Viva! The Blog
Years ago it took an eternity for any publication to write about a band or write a live review. There is a place for those magazine relics, but for current up to date coverage the online community is the destination. Bloggers are now a very relevant part of the mix giving exposure to varying genres that are neglected by the mainstream press. Google has taken note and is offering new ways to find Blog content. There are music Blogs that have established a level of trust and a point of view. Matt and Mike at Ear Farm come to mind as one of the standouts. Ear Farm is honest, personable, informative and very entertaining. So Viva the Blog!
Romance of the DIY Movement
Another thought I've been pondering is the romance of the DIY movement. Doing music for the love of it. I think that all musicians agree that music will be apart of their lives no matter what happens to their future plans. The romance is perpetrated by the young and kept alive in houses, garages and alternative venues all across the country.
Talented and spirited bands embrace the ethic of non-commercialism. I understand this is a point of view but here is where I part company. Things start to sour, when they get older and have to find viable financial alternatives to live. Someone at twenty-one has different concerns then at twenty-seven. As many of their peers graduate from college, they find themselves financially lost. There is nothing wrong with music being a life long endeavor, without monetary compensation. If music is a career choice, money should be an important factor.
Commercialism, Strange Bedfellows
It is a sad state of affairs when bands have to choose strange bedfellows like commercials and TV spots to gain exposure. I welcome it but it does leave me with a bad taste. I realize it now is a staple in exposing new music. I also understand the reasoning behind using new music for such spots. The music is good and has had no radio play.
I work with young people whose musical taste is driven by pop culture and whose only exposure to music is what they hear on the radio or TV commercials. So it was quite interesting when I played the Feist tune, "Mushaboom" from her 2004 release Let It Die and watched their ears suddenly stand at attention. The voice recognition was powerful. Last year I played it with very different results. So exposure obviously works. Unfortunately, they are not open to new things they have never heard.
A Declaration of Independence
Sgt. Dunbar and the Hobo Banned forwarded the Declaration of independence via a myspace bulletin. It is from a site called 001 Collective. It is a very impassioned document, one I feel was written with the utmost sincerity. My only complaint is their assumption that creating and performing and doing what you love is not work. I beg to differ. Bands work hard! Their life on the road is grueling and the tenuous nature of the music business is stressful as well. Yes they are doing what they love but at a cost. Many have other jobs they do between gigs. That is called dedication and hard work.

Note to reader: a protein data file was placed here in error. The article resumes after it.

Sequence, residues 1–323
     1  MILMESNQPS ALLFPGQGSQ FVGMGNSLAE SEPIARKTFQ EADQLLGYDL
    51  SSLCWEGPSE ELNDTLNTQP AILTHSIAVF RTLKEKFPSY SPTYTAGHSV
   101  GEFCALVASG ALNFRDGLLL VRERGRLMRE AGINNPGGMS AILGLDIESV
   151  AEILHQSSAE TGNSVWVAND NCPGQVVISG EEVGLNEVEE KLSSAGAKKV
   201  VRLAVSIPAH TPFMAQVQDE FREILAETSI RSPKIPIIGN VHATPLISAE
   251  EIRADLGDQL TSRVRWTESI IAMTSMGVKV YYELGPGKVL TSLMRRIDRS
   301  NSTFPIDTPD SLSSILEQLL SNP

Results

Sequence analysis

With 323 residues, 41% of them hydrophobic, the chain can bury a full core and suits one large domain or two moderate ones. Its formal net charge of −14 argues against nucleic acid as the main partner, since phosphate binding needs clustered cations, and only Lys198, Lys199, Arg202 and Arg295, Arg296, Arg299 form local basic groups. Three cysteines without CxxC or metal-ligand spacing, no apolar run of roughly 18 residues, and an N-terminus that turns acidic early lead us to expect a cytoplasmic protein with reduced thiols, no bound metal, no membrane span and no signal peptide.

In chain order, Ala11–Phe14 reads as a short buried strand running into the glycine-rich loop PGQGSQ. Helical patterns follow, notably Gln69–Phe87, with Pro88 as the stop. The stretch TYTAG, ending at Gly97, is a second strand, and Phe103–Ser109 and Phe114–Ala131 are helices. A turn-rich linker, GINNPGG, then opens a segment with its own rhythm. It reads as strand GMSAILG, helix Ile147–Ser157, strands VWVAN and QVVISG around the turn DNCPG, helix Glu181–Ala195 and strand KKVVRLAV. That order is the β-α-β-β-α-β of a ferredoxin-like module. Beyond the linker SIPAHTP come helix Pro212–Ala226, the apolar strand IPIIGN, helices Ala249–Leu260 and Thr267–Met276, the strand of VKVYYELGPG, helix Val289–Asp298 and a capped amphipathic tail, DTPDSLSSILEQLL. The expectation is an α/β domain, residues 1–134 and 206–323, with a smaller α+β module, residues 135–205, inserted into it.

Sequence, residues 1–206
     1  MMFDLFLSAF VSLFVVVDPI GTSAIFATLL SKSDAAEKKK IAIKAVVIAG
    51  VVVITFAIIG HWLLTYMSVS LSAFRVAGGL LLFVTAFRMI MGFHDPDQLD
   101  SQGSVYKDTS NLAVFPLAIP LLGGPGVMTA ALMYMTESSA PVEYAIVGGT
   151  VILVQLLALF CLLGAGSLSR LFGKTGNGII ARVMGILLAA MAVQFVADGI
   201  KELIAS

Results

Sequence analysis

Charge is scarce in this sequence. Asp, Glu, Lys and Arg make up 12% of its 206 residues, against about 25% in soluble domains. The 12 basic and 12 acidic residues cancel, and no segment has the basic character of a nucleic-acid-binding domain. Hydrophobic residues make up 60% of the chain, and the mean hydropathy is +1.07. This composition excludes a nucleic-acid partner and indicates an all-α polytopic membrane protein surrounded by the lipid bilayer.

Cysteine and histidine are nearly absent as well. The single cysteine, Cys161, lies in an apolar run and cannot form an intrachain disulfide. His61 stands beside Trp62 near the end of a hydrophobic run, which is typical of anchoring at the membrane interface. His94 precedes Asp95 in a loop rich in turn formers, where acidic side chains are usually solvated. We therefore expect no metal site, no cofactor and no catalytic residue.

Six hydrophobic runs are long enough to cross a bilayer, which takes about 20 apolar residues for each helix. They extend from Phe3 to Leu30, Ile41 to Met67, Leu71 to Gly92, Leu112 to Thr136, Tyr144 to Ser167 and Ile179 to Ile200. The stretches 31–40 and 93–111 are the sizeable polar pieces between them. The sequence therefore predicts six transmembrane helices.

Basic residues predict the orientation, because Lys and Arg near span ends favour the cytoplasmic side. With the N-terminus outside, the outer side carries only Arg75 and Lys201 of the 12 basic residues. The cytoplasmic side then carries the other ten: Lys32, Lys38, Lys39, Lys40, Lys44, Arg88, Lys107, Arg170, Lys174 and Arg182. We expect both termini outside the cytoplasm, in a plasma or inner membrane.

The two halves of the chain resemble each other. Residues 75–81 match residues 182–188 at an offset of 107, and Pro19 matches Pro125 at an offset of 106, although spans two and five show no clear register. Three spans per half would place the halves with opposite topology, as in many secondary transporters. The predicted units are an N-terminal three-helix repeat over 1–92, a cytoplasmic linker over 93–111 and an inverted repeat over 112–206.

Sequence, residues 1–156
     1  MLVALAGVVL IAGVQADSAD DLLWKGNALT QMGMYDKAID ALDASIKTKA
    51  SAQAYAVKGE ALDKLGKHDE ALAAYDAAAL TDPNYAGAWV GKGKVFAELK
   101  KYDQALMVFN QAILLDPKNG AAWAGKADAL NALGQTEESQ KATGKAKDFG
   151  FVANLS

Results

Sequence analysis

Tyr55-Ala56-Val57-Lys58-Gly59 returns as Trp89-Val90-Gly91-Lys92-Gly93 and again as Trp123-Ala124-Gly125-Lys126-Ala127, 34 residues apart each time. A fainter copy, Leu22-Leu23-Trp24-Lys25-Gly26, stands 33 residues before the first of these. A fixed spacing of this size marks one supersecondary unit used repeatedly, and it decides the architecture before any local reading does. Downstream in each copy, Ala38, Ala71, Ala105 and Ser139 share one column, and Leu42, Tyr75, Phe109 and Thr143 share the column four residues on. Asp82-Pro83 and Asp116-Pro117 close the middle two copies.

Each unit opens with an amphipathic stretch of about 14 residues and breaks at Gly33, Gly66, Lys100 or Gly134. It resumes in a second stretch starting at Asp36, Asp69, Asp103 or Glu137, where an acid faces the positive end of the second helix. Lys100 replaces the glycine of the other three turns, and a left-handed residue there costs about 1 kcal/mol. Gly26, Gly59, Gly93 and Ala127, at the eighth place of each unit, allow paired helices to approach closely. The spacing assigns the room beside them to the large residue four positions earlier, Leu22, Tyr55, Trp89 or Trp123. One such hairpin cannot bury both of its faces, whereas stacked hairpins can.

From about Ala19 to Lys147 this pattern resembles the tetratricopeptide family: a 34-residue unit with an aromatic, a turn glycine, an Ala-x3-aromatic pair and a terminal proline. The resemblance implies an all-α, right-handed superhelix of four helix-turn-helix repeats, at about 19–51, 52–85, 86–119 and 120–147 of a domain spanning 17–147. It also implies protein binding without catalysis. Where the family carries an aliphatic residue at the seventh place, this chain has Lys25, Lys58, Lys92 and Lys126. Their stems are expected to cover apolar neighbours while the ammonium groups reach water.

The 001 Collective premise of offering music for free will ultimately be good for some bands. The concept is one that is being explored by bands like Beat Radio and labels like Team Love. This is a collective concept with one person being the arbiter of whose music is included. I guess the success of this collective all depends on his taste in music. I wish them luck.
Firstly, thank you for a wonderful year of blogging. I found drink up butter cup through your myspace and they are one of my favorite new bands. In anycase as someone running my own sort of record label, at least doing all my own promotion and booking for my band I completely agree with your points about the Romance of the DIY movement. There so far isn't sustainable money in it for us (the band pays for itself but it doesn't pay salaries) and the question is how do we catch a break.
As for the declaration of independence thing and music being work or not, the music isn't work, playing shows isn't work, at least not to me, not yet but promotion is work. At least in this day and age a small band has ways to promote which is an improvement that is where all the work lies in having a band.
but whatever about all that I am going to go play my guitar.
I think the amount of artists who have been turned town from being a part of the 001 collective is fairly close to zero. It's not quite so taste-oriented so much as participation oriented. Those who help out with the collective get their own artist page and a link on the front, those who don't, don't.
Russ aka Tinyfolk of the 001 Collective.
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